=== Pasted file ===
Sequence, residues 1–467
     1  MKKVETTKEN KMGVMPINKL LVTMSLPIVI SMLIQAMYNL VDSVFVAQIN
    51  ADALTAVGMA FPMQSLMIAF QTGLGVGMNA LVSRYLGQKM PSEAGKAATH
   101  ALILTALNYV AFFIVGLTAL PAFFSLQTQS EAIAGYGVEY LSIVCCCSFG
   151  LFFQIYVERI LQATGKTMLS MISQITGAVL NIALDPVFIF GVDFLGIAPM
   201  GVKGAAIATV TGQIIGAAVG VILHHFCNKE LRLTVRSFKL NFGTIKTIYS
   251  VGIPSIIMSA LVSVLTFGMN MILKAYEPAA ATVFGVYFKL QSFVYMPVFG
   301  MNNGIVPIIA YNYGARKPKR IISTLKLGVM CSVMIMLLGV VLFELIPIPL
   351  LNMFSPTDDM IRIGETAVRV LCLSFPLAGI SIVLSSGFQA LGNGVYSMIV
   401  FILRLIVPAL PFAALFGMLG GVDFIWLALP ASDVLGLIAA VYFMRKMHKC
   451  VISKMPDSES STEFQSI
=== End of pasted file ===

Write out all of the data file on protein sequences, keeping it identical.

Sequence, residues 1–467
     1  MKKVETTKEN KMGVMPINKL LVTMSLPIVI SMLIQAMYNL VDSVFVAQIN
    51  ADALTAVGMA FPMQSLMIAF QTGLGVGMNA LVSRYLGQKM PSEAGKAATH
   101  ALILTALNYV AFFIVGLTAL PAFFSLQTQS EAIAGYGVEY LSIVCCCSFG
   151  LFFQIYVERI LQATGKTMLS MISQITGAVL NIALDPVFIF GVDFLGIAPM
   201  GVKGAAIATV TGQIIGAAVG VILHHFCNKE LRLTVRSFKL NFGTIKTIYS
   251  VGIPSIIMSA LVSVLTFGMN MILKAYEPAA ATVFGVYFKL QSFVYMPVFG
   301  MNNGIVPIIA YNYGARKPKR IISTLKLGVM CSVMIMLLGV VLFELIPIPL
   351  LNMFSPTDDM IRIGETAVRV LCLSFPLAGI SIVLSSGFQA LGNGVYSMIV
   401  FILRLIVPAL PFAALFGMLG GVDFIWLALP ASDVLGLIAA VYFMRKMHKC
   451  VISKMPDSES STEFQSI